On the other hand, when the literal meaning of the source will be understandable and relevant without a total or even partial rewrite, we follow a standard publication quality translation workflow. This involves translation by one linguist followed by independent review and editing by a second linguist and a final in-house quality assurance review. The translation team needs to be specialized in marketing in order to write prose that captures the emotional tone of the source, but the literal meaning does not change significantly, if at all, and the transcreation process should not be necessary.
For target languages like Japanese, Korean, and other languages with multiple modes of formal and informal address, translating marketing materials can be more complex. Because marketing copy often requires a persuasive or emotional tone, capturing the tone is trickier when there multiple formal registers for addressing the audience. Providing clear descriptions of audience personas can help, as will carefully choosing your internal reviewers.
And, importantly, make sure your client has specified not only the target language, but the target region as well. Spanish is spoken differently in Madrid and Mexico City, German is spoken differently in Berlin and Vienna, and Parisian and Quebecois French differs significantly. Your language partner will need to know the region to choose the right linguists for the project.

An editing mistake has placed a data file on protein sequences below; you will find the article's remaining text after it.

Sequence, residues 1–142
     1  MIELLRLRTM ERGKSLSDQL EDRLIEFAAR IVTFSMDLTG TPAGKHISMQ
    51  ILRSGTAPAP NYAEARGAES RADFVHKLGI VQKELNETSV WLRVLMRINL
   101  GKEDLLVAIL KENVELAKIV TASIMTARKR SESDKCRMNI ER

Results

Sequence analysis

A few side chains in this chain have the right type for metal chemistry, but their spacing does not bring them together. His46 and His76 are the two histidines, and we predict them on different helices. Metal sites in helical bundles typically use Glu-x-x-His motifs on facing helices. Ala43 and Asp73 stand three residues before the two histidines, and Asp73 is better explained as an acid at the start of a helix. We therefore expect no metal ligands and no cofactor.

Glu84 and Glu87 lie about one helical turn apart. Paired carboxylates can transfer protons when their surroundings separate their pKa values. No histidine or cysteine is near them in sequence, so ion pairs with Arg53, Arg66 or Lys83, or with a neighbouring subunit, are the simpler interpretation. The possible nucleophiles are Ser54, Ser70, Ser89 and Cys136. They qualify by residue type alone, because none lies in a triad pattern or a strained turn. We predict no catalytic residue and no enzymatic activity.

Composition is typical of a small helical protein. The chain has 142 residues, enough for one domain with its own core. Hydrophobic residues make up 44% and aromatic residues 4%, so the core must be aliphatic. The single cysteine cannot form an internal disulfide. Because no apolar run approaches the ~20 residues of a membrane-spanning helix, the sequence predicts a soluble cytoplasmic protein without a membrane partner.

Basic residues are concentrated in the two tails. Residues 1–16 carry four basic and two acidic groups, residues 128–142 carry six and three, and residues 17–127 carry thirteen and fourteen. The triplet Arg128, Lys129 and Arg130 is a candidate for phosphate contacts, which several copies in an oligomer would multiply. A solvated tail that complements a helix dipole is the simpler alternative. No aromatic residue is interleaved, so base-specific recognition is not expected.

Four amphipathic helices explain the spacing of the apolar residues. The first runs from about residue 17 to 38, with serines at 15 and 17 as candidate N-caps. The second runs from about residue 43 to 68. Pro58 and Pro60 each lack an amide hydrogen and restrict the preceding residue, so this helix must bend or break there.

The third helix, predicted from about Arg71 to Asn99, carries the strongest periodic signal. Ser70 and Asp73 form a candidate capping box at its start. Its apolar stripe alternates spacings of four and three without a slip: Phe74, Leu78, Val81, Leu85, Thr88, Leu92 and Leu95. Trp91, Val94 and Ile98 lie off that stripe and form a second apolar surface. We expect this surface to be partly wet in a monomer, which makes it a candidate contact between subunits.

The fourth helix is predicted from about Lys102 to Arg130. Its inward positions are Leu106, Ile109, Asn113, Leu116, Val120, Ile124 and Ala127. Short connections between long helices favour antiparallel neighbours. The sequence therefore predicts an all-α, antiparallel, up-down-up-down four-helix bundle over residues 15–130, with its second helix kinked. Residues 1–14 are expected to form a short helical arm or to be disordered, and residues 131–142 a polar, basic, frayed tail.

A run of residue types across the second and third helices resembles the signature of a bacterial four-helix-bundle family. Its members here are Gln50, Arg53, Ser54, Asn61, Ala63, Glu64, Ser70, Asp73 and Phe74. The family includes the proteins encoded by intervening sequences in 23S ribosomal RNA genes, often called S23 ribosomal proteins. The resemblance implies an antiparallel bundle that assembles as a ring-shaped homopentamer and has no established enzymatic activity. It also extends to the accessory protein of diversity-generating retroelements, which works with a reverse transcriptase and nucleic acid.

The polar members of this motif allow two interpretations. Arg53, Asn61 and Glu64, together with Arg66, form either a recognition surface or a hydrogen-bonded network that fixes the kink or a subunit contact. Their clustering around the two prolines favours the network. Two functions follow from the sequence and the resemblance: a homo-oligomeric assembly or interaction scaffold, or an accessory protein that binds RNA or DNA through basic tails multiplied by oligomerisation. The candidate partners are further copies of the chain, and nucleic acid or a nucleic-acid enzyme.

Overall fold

Designate key contacts in development and production
When translating content for certain digital media, put your language partner in touch with the correct personnel. The project manager on the agency side might act as the contact point with the language services partner, but the more complex the content, the more important it is to designate a contact person in development or production to coordinate the transfer and translation of software strings, meta-data, and audio-visual materials.
Managing external review
Your clients may plan to submit the translated (or transcreated) content to their own native-language reviewers such as employees or stakeholders in sales and distribution channels. To avoid uncertainty and delay, ask whether the reviewers are qualified and make sure that they understand their roles.
Friction can occur when the client chooses a person who is fluent in the language but unfamiliar with the audience and the content. These may be unqualified to really judge the quality of the translation. Another problem arises when a person speaks the language, but hails from a different country. For example, a fluent Mandarin speaker from Hong Kong or Singapore will have different expectations for Chinese copy than someone from Mainland China. If a person is a second generation speaker or has been away from the country for a long time, they may not be in a good position to judge either.
An additional question is whether the reviewers have the time in their schedule to do a thorough review, and whether the overall timeframe of the project has taken this into account.
For a deeper discussion of these issues, see our guidelines for in-country review.
An investment in multilingual marketing can bring significant ROI for your clients, especially if they are already operating in a particular region. One of our direct clients saw a 30% increase in foreign sales after localizing their product and website. For more information on working with a language service partner, give us a call.